By: Jordan Ferguson
Friends, let me tell you something about your boy you might or might not know: I am what could be generously described as, “husky,” and probably more accurately defined as, “fat.” I’ve been so my entire life, from playground taunts to prom date rejections. When something is a part of your experience for that long, you start to internalize it, it becomes part of your identity (albeit one that the individual has some control over and ability to change). I’m not about to stand here and try and make any argument that being a fat person (especially a straight white male) is anywhere near as grueling as the struggles faced by people of colour, women, gay or trans individuals[i], but it does come with some small level of baggage, judgment, prejudice and depressing trends in representation.
Growing up, the only people who looked like me in television and movies were either gelatinous blobs of evil, their size a neon sign pointing to their unchecked appetites, or rotund buffoons. That hasn’t really changed much in my 30-plus years as a cultural consumer[ii]. Maybe, if I was lucky, I’d find some rom-com where the chubby best friend helps the heroine find true love, but god forbid he or she have any interest in love or sex for themselves. Not for you, fatty!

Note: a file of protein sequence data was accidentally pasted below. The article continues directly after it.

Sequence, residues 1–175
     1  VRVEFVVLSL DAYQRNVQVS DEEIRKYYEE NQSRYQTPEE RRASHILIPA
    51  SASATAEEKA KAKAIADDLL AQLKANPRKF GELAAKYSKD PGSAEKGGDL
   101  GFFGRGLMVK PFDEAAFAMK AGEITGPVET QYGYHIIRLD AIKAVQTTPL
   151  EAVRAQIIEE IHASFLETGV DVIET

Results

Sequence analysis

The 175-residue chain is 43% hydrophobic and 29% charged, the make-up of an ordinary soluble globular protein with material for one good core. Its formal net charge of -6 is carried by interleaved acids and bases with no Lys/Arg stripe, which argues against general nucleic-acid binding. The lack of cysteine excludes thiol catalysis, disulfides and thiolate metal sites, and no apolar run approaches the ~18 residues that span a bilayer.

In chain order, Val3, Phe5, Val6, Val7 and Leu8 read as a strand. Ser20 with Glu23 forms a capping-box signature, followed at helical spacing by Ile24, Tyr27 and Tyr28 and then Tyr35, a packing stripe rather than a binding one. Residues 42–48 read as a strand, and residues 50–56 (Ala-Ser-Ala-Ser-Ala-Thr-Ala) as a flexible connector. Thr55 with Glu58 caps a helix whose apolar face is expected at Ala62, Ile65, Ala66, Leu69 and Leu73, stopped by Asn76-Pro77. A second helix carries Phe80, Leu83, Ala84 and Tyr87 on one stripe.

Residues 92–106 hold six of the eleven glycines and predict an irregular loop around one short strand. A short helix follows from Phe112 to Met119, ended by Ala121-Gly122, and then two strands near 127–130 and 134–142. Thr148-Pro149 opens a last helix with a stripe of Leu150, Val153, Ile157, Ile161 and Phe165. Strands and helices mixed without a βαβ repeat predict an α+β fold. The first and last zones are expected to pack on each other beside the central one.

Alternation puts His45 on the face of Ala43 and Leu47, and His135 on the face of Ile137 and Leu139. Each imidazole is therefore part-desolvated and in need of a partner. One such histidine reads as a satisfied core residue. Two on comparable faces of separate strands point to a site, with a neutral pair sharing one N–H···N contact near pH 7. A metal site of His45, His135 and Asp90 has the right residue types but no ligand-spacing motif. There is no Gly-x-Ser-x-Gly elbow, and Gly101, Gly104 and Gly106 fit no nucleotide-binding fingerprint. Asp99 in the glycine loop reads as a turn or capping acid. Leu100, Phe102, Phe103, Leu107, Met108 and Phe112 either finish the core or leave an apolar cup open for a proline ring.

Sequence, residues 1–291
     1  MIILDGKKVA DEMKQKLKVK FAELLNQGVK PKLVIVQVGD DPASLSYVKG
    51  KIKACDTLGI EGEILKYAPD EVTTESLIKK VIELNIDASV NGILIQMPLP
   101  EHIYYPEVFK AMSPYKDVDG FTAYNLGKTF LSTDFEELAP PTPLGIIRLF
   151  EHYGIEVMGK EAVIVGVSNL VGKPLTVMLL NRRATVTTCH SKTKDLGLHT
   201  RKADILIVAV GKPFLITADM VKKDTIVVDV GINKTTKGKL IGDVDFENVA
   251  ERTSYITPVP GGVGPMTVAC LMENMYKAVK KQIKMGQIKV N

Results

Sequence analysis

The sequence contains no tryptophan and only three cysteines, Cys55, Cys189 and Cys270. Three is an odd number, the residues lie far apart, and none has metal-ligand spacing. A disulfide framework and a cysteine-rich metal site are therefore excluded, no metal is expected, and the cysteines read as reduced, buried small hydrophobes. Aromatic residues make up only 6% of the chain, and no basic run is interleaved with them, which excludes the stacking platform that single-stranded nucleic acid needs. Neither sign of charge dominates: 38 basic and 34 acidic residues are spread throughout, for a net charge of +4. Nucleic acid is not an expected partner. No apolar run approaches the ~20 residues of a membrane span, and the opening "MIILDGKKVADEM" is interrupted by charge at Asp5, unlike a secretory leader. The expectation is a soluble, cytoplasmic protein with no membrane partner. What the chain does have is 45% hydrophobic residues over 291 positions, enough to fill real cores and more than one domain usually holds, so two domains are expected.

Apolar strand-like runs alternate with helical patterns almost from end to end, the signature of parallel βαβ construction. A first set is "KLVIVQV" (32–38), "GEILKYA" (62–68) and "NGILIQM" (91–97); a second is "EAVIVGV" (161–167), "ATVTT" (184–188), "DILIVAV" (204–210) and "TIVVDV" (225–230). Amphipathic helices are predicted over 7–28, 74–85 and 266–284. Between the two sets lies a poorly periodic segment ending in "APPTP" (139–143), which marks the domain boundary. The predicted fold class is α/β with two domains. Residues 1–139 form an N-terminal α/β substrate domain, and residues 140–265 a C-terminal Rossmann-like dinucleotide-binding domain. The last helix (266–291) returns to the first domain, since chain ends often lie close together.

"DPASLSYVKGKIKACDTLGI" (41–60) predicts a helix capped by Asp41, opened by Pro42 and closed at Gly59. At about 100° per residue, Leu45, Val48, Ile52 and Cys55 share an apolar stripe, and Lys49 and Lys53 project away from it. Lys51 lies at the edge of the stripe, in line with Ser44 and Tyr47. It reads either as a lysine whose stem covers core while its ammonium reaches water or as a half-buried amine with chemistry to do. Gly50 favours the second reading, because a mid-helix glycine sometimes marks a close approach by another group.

There were, however, two (not dissimilar) art forms I’ve always been passionate about where men and women who shared my body type regularly defied expectations: rap music and professional wrestling. MCs like Heavy D and Chubb Rock could rhyme, dance, and sell themselves as legitimate heartbreakers. Wrestlers like Harley Race, Yokozuna and Mt. Fiji might have worked heel most of their careers, but they were always legitimate contenders instead of sideshow freaks.[iii]
If there was one single performer that perfectly blended the braggadocio of rap with the pageantry of professional wrestling, it was the American Dream Dusty Rhodes, who passed away unexpectedly last week at the age of 69.
My appreciation of Dusty came long after he retired from active competition. Growing up near the American Midwest, I was a WWF fan through and through, so the icons of the NWA and WCW were unknown entities to me. The dancing, polka-dotted version of his character that finally showed up on WWF television in the 80s was enjoyable, but bereft of any of the intensity that made him a credible rival to Ric Flair in the South during the Eighties.